[Tagging] track smoothness/quality

Joseph Eisenberg joseph.eisenberg at gmail.com
Sun Jul 7 00:21:25 UTC 2019

I would think that an unimproved track across naturally solid rock or
naturally well-compacted gravel would not be tracktype=grade5 - while it
might be bumpy, it’s probably passable by any vehicke with sufficient
clearance and tire size, even when wet, unlike a track of unimproved clay,
silt or loam which requires 4wd or is simply impassable when it rains? But
I’m not an expert on 4wd.

On Sun, Jul 7, 2019 at 8:58 AM brad <bradhaack at fastmail.com> wrote:

> What wiki are you looking at?   At
> https://wiki.openstreetmap.org/wiki/Key:tracktype,  grade5 says
> "Soft.
> Almost always an unimproved track lacking hard materials, same as
> surrounding soil. "
> What if the surrounding soil is hard materials???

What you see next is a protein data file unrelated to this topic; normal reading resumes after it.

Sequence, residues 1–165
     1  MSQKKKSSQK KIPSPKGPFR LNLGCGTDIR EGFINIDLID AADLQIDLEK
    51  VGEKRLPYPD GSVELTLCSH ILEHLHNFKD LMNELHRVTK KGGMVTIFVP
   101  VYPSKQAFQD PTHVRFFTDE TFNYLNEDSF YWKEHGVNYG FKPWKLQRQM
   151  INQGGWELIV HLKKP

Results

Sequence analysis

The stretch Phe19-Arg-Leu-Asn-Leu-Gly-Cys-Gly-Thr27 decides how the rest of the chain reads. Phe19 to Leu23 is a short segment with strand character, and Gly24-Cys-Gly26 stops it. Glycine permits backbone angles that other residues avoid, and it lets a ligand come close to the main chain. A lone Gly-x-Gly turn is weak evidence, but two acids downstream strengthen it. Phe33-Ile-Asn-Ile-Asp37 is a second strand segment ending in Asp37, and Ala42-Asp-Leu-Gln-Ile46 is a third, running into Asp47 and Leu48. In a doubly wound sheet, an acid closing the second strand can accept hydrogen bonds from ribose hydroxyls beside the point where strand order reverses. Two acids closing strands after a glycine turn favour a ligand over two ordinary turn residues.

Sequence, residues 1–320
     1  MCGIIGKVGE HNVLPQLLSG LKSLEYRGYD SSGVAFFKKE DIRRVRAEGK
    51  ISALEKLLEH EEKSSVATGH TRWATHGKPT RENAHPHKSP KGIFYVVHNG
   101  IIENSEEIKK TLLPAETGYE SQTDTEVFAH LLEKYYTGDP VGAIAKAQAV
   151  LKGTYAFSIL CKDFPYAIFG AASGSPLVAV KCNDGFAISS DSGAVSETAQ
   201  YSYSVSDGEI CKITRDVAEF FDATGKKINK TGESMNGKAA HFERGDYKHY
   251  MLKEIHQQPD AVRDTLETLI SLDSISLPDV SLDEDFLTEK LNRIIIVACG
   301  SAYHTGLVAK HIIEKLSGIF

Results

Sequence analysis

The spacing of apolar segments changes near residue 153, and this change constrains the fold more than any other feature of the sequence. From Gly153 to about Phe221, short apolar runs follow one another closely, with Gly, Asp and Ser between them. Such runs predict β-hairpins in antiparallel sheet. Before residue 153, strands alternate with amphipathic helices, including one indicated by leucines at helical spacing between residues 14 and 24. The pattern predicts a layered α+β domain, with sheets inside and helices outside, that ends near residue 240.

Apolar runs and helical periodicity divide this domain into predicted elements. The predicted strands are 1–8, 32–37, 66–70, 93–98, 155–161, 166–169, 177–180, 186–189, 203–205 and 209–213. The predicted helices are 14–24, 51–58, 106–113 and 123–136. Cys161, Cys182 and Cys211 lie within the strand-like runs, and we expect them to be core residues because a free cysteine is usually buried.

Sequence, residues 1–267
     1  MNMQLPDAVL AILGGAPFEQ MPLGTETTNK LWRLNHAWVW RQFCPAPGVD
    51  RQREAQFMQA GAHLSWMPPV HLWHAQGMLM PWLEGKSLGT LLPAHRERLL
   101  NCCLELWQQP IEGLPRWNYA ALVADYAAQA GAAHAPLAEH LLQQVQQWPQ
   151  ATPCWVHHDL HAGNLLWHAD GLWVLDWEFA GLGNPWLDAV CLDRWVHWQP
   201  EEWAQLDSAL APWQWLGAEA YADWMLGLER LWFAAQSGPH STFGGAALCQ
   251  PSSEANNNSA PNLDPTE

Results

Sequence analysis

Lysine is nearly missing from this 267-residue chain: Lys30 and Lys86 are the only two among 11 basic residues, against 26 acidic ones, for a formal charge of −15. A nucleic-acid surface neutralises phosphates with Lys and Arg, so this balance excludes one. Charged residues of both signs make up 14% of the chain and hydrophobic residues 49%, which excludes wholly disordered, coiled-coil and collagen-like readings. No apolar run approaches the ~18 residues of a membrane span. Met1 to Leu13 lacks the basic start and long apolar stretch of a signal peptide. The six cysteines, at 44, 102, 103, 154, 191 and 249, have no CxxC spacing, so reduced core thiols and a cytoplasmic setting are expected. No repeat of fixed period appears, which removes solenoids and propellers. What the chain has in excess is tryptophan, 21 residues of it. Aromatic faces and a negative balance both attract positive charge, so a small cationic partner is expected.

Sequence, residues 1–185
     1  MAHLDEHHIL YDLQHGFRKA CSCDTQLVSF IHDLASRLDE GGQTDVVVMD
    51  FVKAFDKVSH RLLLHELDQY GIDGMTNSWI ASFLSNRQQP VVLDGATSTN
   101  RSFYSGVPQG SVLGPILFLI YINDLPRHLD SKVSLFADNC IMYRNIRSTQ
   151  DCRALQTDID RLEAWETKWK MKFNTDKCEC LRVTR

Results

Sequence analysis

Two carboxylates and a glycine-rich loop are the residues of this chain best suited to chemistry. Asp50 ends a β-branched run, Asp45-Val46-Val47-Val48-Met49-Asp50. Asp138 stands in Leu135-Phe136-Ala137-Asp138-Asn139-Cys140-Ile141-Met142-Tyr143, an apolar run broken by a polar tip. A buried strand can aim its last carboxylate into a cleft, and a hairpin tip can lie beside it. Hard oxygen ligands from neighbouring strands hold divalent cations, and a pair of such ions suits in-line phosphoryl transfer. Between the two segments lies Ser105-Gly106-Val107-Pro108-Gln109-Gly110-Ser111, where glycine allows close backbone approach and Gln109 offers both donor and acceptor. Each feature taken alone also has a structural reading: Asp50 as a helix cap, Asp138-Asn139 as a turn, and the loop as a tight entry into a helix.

> Clearly written by someone that has not seen rocky soil.
> Brad
> On 7/3/19 2:09 AM, Mark Wagner wrote:
> > Option 3 won't work.  Locally, tracks come in two basic types:
> >
> > 1) A logging road created by a work crew with a bulldozer.  Cut down
> > any trees, scrape off any remaining vegetation, level the road
> > side-to-side, and call it done.  These roads range in quality from
> > "easily passable by a passenger car" to "high-clearance
> > four-wheel-drive vehicle required".
> >
> > 2) A ranch road created by a truck driving the same route repeatedly
> > for years.  These are generally fairly smooth, but the older ones are
> > only passable by a high-clearance truck because of the central ridge
> > between the tracks.
> >
> > According to the wiki, these are uniformly "grade5" ("Almost always an
> > unpaved track lacking additional materials, same surface as surrounding
> > terrain."), although calling them "soft" is misleading, since the local
> > soil produces a rock-hard surface during the summer and fall (and a
> > muddy one during spring melt). They're tagged pretty much at random as
> > anything from "grade1" to "grade5".
> >
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